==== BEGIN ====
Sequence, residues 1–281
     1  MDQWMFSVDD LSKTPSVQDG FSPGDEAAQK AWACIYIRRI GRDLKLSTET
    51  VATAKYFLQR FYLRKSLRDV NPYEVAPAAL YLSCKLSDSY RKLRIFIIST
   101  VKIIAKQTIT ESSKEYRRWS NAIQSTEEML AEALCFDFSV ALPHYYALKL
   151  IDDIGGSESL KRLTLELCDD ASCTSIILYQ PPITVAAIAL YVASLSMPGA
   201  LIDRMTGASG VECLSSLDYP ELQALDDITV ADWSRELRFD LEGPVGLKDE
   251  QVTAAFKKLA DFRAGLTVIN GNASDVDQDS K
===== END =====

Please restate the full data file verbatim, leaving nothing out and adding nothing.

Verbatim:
Sequence, residues 1–281
     1  MDQWMFSVDD LSKTPSVQDG FSPGDEAAQK AWACIYIRRI GRDLKLSTET
    51  VATAKYFLQR FYLRKSLRDV NPYEVAPAAL YLSCKLSDSY RKLRIFIIST
   101  VKIIAKQTIT ESSKEYRRWS NAIQSTEEML AEALCFDFSV ALPHYYALKL
   151  IDDIGGSESL KRLTLELCDD ASCTSIILYQ PPITVAAIAL YVASLSMPGA
   201  LIDRMTGASG VECLSSLDYP ELQALDDITV ADWSRELRFD LEGPVGLKDE
   251  QVTAAFKKLA DFRAGLTVIN GNASDVDQDS K